Why Is Funnyman Ben Stiller Not Laughing?

Joe Pugliese

Behind the actor's comic persona is an astute, driven filmmaker who cites Martin Scorsese and Robert De Niro as his idols, fights for aid to Haiti and struggles to find balance in the midst of his empire-building: "It's very easy not to stop and feel things."

Spend time with Ben Stiller, and his seriousness is striking. The actor who played the moronic model of 2001's Zoolander; the neurotic nerd of Meet the Parents and its sequels; the hapless suitor who famously gets his private parts trapped in his fly in the picture that propelled him to stardom, 1998's There's Something About Mary, is in real life unnervingly different.

Highly intelligent, deeply driven, he will tell you about the vaunted tomes he is reading but hardly ever cracks a joke.

"I never thought I'd go into comedy," he admits. "I wanted to be a serious filmmaker. My heroes were Al Pacino, Robert De Niro and Martin Scorsese." He adds, "I don't think of myself as funny."

In front of the camera, though, Stiller has perfected a comic brilliance as Hollywood's awkward straight man.

On the Atlanta set of Fox's upcoming Neighborhood Watch -- about a group of suburban dads who discover that aliens have infiltrated the world -- he plays the same scene over and over one afternoon on Oct. 13, his fourth day into the shoot, allowing fellow actor Will Forte as a cartoonlike cop to get all the laughs. He never loses his intense focus.

"You know those kids who egged you?" Forte barks, poking his nose right in Stiller's face as they stand outside a modern McMansion. "One of them got killed and skinned alive! Every time someone gets killed and skinned alive, you're around! Maybe you're a homicidal maniac?"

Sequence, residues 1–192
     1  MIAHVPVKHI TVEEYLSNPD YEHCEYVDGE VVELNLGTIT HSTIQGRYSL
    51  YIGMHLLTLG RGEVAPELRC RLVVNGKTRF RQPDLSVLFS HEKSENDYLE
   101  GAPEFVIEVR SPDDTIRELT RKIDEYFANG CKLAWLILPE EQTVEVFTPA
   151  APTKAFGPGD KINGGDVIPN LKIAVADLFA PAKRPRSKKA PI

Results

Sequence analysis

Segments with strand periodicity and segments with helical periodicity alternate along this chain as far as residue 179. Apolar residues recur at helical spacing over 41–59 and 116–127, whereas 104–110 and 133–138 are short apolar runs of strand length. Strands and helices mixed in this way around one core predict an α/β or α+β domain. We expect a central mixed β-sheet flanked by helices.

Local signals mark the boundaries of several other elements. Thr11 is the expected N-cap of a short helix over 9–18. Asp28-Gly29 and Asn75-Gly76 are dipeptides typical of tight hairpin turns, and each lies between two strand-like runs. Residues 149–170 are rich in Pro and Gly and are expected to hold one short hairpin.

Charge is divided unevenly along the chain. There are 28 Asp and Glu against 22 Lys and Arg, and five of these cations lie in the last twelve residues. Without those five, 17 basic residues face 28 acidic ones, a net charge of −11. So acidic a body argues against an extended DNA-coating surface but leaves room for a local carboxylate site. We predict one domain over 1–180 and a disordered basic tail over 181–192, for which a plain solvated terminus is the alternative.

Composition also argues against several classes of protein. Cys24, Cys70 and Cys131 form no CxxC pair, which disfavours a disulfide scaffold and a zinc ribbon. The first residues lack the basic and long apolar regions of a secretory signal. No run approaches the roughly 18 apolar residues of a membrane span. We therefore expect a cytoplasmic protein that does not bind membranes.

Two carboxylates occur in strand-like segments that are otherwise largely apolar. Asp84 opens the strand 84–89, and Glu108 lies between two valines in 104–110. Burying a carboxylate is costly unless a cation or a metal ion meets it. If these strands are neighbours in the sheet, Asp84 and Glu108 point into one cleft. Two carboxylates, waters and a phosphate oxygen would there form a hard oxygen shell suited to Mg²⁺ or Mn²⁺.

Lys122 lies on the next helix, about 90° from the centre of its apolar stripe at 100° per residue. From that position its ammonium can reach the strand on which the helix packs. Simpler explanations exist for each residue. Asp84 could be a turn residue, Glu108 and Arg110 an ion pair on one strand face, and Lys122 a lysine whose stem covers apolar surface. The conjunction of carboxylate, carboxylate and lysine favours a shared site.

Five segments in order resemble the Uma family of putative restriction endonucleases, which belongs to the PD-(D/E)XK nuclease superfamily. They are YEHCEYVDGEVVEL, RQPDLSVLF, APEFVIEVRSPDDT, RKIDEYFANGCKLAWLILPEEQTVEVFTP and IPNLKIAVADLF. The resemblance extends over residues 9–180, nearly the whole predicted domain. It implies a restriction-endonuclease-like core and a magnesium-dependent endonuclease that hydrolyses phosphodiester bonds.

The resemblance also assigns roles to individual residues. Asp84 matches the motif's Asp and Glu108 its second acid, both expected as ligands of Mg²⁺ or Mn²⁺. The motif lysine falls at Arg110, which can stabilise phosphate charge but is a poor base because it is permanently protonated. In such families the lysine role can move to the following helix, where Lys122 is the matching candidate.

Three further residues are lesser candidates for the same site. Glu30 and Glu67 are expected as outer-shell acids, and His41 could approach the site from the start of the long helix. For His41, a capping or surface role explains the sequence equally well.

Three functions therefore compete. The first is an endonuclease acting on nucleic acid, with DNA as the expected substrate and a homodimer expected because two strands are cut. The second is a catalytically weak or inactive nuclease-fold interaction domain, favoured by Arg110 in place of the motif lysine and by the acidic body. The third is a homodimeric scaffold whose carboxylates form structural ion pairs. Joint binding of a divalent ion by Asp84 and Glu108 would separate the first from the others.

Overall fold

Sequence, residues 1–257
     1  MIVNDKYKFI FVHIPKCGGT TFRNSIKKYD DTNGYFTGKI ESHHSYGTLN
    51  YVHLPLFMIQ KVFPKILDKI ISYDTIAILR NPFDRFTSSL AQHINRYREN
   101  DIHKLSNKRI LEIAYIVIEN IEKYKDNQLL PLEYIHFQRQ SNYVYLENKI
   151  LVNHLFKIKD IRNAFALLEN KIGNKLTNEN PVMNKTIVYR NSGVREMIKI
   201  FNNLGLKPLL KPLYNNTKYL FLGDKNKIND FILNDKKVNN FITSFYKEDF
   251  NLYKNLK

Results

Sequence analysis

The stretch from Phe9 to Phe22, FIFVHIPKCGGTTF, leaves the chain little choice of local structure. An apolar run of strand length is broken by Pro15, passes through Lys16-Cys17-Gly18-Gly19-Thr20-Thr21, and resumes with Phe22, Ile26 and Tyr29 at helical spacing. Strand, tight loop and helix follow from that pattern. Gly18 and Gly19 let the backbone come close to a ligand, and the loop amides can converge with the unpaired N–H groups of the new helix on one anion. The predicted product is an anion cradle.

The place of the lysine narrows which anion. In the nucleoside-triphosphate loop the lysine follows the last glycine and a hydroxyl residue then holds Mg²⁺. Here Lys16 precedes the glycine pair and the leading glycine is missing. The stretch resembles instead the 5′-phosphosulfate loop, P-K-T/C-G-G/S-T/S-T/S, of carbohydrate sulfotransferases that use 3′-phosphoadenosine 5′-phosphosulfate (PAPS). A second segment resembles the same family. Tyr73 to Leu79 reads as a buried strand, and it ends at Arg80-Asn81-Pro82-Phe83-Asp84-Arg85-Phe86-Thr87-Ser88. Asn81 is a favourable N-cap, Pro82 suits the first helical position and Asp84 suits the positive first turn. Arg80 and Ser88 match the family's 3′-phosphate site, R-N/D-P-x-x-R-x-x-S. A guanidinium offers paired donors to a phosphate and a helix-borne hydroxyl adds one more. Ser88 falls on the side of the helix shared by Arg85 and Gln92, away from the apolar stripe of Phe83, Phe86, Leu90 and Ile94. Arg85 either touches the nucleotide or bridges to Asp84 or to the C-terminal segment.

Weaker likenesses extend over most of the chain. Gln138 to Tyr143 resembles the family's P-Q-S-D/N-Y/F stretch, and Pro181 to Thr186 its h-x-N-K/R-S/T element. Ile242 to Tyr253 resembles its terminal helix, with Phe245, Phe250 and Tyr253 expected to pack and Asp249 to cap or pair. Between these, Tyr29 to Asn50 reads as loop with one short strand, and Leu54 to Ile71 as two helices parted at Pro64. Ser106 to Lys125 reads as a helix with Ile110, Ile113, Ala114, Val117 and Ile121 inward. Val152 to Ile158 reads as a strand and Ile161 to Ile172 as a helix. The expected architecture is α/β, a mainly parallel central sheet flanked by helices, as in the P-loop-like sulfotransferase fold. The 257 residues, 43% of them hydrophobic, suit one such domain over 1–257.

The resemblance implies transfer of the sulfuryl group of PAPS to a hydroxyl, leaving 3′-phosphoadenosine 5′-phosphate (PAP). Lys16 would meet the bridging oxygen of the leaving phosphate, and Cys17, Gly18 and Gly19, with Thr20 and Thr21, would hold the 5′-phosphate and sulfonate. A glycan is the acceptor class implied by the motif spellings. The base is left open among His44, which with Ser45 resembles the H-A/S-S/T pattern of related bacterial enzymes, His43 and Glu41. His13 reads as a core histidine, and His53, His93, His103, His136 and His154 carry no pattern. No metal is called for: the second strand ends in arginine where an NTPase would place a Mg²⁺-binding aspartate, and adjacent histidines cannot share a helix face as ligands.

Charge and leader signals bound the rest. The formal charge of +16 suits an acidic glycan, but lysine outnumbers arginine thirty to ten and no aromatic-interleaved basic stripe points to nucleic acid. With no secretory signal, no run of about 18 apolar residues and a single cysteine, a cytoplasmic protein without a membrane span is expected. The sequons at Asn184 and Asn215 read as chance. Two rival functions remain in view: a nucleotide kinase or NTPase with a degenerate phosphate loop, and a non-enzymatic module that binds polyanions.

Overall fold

"I -- I'm not," Stiller protests feebly.

The lines seem straightforward, but Stiller, 45, underplays them in just the right way, the perfect contrast to the cop's outrageousness, making the technicians struggle not to laugh.

Stiller does the segment again and again, only occasionally making small talk with the crew, unfazed by the horde of locals gaping at him. He waves to them just once, sending a teenage girl into a paroxysm of joy. "Did you see that?" she shrieks. "He looked at me. He looked at me!"

If Stiller did, he's barely aware of it, so intent is he on his work. While the girl goes into hysterics, he does the scene once more, without any attempt to tell others how to do their job -- not even the relatively untested director Akiva Schaffer -- though the star is himself a far more experienced helmer, who leans toward that more than acting.

So where is the famously controlling Stiller in all this, the man whose endless quest for perfection has led him to keep a tight rein on many of the projects he's involved with?

"He drives me f--ing crazy," laughs one colleague, referring to Stiller's desire for control. "But he's brilliant with artists, with why a script works and why it doesn't."

Stiller shrugs off his perfectionist reputation. "As you get older, you realize you can't control anything, and giving up control can be freeing," he says. Then he grins and admits, "It's something I'm still working at."


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